Whistleblower claims Walk-In-Centre closure consultation is “a lie”

Lincolnshire West CCG health bosses have denied accusations made by an NHS whistleblower that the decision on plans to close the county’s only walk-in-centre has already been made, and the service’s £1m per year replacement settled.

Speaking anonymously to The Lincolnite, the source, who works for the organisation, accused Lincolnshire West CCG of “lying and deceiving the public” by running a consultation on the plans.

They claimed that a new £1 million GP streaming service will instead be incorporated within a car park at the entrance to Lincoln County Hospital’s A&E department.

The source told The Lincolnite: “The ‘consultation’ that will be going ahead is a waste of time the CCG have already decided on the outcome.

“They have plans in place already to have a GP streaming service within A&E at Lincoln hospital. The plans have been drawn up and the money of £1 million has already been allocated and set aside for this GP streaming service.

“Plans are in place to build the service within the small car park outside of A&E’s entrance. These plans have been in place for months.

“The CCG are deceiving their public into thinking the walk-in-centre may stay open when in fact the new service is due to start in October 2017.

“Lies from the CCG. There will be no consultation. The decision is already made.”

Sunil Hindocha, Chief Clinical Officer for Lincolnshire West CCG and Sarah-Jane Mills, Chief Operating Officer, spoke to The Lincolnite in a video interview addressing concerns about the impact of the proposal.

The pair insisted that while a £1 million A&E streaming service at Lincoln and Pilgrim is being pursued, it is a separate project, brought together with capital funding and as part of a national initiative.

Dr Hindocha said: “This is the really frustrating thing.

“People conflate things that happen in A&E with the walk-in-centre, and I come back to my original point, this has always been and always will be about general practices and nothing to do with what goes on in A&E.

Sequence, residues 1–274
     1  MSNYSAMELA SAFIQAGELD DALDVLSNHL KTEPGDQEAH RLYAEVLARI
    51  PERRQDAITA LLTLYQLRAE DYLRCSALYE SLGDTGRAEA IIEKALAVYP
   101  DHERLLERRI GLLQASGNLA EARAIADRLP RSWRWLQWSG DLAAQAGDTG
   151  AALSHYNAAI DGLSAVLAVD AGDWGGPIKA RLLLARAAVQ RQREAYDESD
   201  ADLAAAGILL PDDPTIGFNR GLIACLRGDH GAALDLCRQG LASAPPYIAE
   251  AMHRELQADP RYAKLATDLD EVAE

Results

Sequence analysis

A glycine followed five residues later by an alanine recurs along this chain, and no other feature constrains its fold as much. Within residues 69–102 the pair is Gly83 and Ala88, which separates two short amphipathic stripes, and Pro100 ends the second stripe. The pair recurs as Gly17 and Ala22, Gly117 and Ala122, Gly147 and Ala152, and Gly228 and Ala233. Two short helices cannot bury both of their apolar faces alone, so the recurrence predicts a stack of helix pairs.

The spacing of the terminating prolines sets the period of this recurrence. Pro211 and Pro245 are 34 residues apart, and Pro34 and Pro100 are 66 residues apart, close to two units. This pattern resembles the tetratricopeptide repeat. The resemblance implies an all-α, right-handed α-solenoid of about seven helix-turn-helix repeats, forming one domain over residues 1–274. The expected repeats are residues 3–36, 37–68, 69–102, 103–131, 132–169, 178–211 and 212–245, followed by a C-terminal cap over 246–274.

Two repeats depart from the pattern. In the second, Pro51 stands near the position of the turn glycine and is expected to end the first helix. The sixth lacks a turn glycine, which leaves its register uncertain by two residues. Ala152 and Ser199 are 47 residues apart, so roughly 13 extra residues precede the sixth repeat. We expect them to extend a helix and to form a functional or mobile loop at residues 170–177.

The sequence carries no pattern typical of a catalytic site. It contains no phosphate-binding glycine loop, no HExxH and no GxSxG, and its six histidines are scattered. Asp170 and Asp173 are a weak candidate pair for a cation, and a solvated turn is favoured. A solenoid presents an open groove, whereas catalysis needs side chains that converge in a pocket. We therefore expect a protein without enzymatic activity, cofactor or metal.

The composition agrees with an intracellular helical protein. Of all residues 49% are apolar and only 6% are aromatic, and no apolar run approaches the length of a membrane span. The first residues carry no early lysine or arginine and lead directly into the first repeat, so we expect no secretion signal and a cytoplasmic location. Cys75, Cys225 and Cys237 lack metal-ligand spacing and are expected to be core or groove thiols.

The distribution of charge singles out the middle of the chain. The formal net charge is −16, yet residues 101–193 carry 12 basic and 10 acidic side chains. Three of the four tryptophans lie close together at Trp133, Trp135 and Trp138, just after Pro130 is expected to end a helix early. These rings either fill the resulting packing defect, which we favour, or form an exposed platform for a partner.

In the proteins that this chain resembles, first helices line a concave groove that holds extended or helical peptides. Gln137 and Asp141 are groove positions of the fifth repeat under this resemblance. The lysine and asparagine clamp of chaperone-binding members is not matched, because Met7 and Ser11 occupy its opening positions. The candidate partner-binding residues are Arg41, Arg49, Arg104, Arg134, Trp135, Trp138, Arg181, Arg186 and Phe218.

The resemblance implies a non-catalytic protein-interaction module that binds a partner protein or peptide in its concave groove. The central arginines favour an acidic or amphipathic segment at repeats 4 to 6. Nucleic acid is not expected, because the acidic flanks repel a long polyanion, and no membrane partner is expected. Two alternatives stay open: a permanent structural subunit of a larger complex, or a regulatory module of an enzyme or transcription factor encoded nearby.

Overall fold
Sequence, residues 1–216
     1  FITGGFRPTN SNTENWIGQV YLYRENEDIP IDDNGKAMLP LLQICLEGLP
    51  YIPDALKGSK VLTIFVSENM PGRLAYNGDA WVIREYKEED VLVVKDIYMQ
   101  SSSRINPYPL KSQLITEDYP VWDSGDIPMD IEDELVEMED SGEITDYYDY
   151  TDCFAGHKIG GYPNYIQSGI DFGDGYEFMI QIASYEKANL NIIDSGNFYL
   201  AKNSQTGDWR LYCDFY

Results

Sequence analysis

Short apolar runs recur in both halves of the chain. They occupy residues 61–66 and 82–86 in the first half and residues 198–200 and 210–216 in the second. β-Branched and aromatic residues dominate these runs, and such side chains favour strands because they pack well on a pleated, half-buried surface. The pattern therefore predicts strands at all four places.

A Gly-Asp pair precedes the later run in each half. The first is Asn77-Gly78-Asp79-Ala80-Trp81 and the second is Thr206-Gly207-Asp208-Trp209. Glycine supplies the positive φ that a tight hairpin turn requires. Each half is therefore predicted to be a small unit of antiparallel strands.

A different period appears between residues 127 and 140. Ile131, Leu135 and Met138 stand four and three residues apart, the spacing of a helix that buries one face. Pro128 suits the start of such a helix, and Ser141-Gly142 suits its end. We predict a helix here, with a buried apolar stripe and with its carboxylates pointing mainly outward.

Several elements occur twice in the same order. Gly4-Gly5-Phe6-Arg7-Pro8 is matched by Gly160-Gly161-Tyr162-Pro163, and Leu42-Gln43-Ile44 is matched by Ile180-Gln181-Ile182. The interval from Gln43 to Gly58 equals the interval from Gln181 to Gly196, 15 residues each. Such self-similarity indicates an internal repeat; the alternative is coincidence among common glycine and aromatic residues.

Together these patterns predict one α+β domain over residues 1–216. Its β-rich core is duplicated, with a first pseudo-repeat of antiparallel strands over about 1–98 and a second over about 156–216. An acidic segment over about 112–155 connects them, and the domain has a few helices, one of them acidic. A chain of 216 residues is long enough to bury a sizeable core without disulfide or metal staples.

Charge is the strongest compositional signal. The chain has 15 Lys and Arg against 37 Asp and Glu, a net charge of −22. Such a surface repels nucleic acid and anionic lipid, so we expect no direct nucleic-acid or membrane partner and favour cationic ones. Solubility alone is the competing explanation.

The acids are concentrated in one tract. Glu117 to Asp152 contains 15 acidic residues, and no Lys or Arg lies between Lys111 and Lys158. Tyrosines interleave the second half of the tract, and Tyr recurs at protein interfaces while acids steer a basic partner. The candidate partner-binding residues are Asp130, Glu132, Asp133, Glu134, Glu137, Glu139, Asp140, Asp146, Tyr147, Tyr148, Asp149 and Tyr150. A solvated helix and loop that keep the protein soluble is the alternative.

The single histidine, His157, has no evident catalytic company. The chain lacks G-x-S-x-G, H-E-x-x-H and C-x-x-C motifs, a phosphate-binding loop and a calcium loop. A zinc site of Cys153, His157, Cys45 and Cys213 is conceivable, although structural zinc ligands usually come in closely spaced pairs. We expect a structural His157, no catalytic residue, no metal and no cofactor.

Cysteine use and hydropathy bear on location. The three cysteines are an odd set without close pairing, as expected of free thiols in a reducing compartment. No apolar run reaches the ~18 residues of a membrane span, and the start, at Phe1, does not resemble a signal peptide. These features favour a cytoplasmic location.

“That streaming service is completely separate, in fact that was a work stream set off nationally, it’s not a local decision, to have primary care streaming in A&E, in a completely separate dialogue. And that’s been happening with the trust, not necessarily with the CCGs.”

They said they are considering proposals and taking on board all the feedback they are receiving, but that it was about “assessing the health needs of residents”.

Sarah-Jane Mills added: “The £1 million you are referring to is capital money to develop the A&E departments at both Lincoln and Pilgrim hospitals.

“The £1 million is completely separate, it’s about building design at the two hospitals and the service is about A&E development.”

They added that the move is not about saving money, and refused to accept the closure would put pressure on Lincoln A&E.

It costs £1 million a year to run the walk-in-centre on Monks Road from a budget of over £300 million.

Some 34,000 people used the service in the last financial year.

Almost 4,000 people have now signed a petition against the planned closure.

This article originally appeared in The Lincolnite

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